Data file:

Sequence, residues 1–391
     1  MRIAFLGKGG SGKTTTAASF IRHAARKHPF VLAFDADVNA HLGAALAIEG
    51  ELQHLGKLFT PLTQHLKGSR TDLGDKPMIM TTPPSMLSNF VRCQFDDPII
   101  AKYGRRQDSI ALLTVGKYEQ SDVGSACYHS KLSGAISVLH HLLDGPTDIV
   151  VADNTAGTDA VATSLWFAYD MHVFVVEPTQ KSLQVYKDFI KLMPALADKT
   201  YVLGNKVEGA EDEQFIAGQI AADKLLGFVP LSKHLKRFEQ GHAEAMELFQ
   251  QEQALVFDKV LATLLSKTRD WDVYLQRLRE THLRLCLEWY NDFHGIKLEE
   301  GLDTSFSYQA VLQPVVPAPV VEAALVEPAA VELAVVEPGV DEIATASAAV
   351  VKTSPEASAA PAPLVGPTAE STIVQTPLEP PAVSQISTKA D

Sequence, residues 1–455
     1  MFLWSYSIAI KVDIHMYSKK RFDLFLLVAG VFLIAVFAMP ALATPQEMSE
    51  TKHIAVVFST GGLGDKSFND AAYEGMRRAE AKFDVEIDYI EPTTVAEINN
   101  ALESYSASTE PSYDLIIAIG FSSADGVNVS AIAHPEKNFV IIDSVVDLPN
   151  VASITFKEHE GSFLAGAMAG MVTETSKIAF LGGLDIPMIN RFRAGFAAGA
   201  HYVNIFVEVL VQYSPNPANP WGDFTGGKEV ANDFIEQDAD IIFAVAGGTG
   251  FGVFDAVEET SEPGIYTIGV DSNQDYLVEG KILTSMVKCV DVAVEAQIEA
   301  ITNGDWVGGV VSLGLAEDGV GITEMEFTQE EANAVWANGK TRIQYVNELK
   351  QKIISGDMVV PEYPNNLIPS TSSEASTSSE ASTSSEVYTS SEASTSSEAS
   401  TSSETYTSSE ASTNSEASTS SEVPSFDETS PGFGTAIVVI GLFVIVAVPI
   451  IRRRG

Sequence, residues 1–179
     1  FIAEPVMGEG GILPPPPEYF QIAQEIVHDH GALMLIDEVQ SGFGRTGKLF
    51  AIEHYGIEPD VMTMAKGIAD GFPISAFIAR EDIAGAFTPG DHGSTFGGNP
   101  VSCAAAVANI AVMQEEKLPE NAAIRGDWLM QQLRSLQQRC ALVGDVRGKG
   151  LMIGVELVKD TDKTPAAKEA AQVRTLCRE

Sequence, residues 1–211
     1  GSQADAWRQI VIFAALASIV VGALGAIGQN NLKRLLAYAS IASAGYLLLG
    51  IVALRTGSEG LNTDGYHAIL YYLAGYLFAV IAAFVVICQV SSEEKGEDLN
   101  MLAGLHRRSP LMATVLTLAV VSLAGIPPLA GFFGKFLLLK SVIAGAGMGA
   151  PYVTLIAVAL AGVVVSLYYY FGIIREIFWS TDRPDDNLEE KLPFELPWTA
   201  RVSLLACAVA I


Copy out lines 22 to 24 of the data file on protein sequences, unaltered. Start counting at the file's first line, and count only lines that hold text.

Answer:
     1  FIAEPVMGEG GILPPPPEYF QIAQEIVHDH GALMLIDEVQ SGFGRTGKLF
    51  AIEHYGIEPD VMTMAKGIAD GFPISAFIAR EDIAGAFTPG DHGSTFGGNP
   101  VSCAAAVANI AVMQEEKLPE NAAIRGDWLM QQLRSLQQRC ALVGDVRGKG